The lights had continued through him and stayed bright in his eyes.


He had endless energy and a need to feed his motor to enable it to run as long as the daylight held out. It wasn’t so much that Davy Peters was a hyper kid, it was just that he wanted to experience everything life had to offer. For him there was no future. It was “in the moment” where Davy lived and that was always enough for him.

He loved summer vacations the most. His days started with the first peek of sunrise and ended well after the streetlights’ first flicker. There was always a pick-up game to play, or places to explore – always something to do. Davy ran just about everywhere, there was no slowing him down. And young Peters would come home every now and again to grab his baseball mitt or his trading cards; his slingshot or his bike. The constant slam of the screen door would always elicit the same response from his mother.

“In or out!” she’d yell. “Quit slamming that door and either come in or stay outside”

“Not ready to come in yet, Ma!” Mrs. Peters always heard trailing off in the distance.

“In or out!”

Those memories flooded Dave Peters’ thoughts as the last few people filed past his mother’s casket. With all the energy that he seemed to store up, he wished he could have given some to his Mom as her health waned. But, nothing could have prevented the brain aneurysm that took her swiftly; painlessly. All the happy times and the struggles didn’t matter at this point. At this moment, Dave felt her loss tremendously.

He always assumed that the anguish would subside with time. But now, with both of his parents gone, he felt isolated and alone. His workload always kept Dave moving, and just like the ‘old days’ that was always enough for him. And Peters retained his desire to go as far and as fast as his now four wheeled vehicle could carry him. Nothing slowed him down. In fact, he started to take unnecessary chances, almost to the point of being reckless.

The occasion of the second anniversary of his mother’s passing weighed on Dave’s mind. He turned fifty late last year and that mid-life thing kicked him to a new level of irresponsible. The sports car he bought himself to celebrate the day was the quickest thing he had ever owned to drive the streets legally. He wasted no time finding that out. Peters loved to get on the open road and let her rip.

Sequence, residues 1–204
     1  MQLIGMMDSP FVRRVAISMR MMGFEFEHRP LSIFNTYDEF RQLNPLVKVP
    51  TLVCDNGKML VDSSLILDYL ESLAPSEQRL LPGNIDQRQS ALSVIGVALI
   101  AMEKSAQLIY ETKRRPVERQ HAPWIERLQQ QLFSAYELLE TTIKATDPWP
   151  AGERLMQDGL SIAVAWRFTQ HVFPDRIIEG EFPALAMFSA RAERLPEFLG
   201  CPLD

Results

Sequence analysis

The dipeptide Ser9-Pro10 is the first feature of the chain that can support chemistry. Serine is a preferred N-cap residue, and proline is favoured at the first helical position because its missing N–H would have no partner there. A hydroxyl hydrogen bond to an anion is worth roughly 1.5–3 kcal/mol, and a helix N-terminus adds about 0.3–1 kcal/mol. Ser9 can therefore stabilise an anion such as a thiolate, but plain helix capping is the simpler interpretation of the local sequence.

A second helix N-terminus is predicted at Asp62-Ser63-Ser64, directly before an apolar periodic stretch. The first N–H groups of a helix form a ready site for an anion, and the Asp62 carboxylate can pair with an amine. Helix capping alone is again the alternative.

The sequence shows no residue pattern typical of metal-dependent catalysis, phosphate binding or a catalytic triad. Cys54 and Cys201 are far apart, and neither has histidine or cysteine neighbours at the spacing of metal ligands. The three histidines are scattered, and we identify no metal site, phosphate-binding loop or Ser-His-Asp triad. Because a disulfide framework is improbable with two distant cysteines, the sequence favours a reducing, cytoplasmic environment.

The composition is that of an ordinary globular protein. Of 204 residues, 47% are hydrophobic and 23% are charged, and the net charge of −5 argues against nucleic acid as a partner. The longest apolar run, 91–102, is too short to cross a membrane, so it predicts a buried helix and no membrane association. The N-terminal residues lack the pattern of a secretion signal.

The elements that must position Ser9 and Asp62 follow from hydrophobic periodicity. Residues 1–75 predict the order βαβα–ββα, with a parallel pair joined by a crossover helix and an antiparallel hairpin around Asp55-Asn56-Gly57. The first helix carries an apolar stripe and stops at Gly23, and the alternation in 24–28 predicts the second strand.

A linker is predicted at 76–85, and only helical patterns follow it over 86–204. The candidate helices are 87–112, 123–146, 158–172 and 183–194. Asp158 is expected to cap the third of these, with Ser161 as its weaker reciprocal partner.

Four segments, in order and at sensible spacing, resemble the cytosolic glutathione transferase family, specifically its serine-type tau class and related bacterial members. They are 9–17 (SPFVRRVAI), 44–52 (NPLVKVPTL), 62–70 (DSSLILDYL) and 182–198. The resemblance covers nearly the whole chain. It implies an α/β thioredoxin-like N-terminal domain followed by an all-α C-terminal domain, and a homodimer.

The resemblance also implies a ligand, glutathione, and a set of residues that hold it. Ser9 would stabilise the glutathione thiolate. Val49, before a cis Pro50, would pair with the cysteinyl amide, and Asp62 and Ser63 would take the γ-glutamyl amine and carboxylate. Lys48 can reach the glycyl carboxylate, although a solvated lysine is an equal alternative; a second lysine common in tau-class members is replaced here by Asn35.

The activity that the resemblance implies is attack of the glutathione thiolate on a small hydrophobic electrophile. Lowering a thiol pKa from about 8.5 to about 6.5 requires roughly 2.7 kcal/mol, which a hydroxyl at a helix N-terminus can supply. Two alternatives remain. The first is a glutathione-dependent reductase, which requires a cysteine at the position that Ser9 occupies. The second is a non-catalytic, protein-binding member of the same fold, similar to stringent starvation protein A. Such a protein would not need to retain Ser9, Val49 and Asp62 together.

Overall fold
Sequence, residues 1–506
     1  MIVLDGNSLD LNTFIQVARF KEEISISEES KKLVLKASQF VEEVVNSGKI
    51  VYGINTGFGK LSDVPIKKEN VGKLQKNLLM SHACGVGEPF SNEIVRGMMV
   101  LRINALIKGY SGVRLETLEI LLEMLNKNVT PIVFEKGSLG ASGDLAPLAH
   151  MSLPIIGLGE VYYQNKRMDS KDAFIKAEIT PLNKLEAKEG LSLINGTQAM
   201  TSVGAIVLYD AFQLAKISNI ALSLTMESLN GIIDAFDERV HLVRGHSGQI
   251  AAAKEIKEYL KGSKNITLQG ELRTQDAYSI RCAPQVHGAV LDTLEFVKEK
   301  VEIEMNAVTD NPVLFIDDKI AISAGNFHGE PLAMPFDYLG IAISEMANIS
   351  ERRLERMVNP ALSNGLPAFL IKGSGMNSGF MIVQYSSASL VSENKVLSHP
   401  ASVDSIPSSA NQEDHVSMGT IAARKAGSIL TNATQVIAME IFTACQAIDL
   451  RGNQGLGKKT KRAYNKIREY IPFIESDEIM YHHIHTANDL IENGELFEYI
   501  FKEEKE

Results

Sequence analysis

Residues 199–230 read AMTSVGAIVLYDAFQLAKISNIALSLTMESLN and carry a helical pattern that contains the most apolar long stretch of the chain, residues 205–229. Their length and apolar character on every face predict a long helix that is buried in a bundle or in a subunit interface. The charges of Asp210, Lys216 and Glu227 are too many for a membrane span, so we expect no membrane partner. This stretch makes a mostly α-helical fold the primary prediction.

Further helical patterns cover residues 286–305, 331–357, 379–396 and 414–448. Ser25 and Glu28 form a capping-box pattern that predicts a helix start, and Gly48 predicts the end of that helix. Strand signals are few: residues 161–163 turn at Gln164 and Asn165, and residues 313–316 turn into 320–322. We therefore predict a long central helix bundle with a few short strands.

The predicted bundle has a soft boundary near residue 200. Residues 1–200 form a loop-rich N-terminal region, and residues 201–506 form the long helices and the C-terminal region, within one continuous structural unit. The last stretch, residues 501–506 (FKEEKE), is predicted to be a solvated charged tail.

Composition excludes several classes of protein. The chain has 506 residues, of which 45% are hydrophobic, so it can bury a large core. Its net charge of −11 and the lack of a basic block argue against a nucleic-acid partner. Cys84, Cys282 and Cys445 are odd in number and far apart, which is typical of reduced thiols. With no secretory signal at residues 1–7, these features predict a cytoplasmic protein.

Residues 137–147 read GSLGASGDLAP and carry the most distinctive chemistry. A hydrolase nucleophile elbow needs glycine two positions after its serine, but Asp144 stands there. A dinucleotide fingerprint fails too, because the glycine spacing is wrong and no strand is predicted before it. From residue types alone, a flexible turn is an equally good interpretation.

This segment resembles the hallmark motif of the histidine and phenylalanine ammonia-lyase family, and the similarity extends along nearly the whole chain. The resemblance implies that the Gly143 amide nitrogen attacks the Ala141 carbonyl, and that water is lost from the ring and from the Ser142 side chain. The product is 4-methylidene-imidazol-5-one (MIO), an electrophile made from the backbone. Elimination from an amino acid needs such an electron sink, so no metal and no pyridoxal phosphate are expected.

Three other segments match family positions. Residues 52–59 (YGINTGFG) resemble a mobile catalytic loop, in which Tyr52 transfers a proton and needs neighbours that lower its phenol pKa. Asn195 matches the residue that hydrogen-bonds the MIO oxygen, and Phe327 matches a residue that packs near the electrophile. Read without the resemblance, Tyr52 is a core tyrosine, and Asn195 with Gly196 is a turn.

That night was no different. Dave was very unsettled and a bit inebriated from the drinks at dinner. His penchant for speed raised the stakes. No matter how swiftly he went it still wasn’t fast enough. When the rain started to fall, he paid it no regard. The third turn on Old Boston Road was tight and hidden. But as Peters accelerated, he started to hydroplane. All his driving ‘skill’ couldn’t prevent him fish-tailing into a spin. It wasn’t until he finally got control of the vehicle that he saw the on-coming headlights.

Dave felt no collision. He felt no pain. The lights had continued through him and stayed bright in his eyes. Had he driven into a tunnel, he wondered? As he neared the source of the light, it got larger. And brighter. And more serene. Dave saw two silhouettes in the luminance. And he heard a voice.

“Davy, In or out!” it said softly. “I can only hold this gate open for a sort time. Come in or stay outside”

“Not ready to come in yet, Ma!” Mrs. Peters heard trailing off in the distance.

She smiled. It was then Dave felt the pain. He saw a new light with people huddled around him. An incessant beep sounded rhythmic and deliberate.

“I think we’ve got him!” Dave heard someone say.

A face came close to Dave’s. She searched his features and whispered into his ear.

“I guess it wasn’t your time to go out, was it?”

Davy Peters finally made the right choice.

“In or out?”


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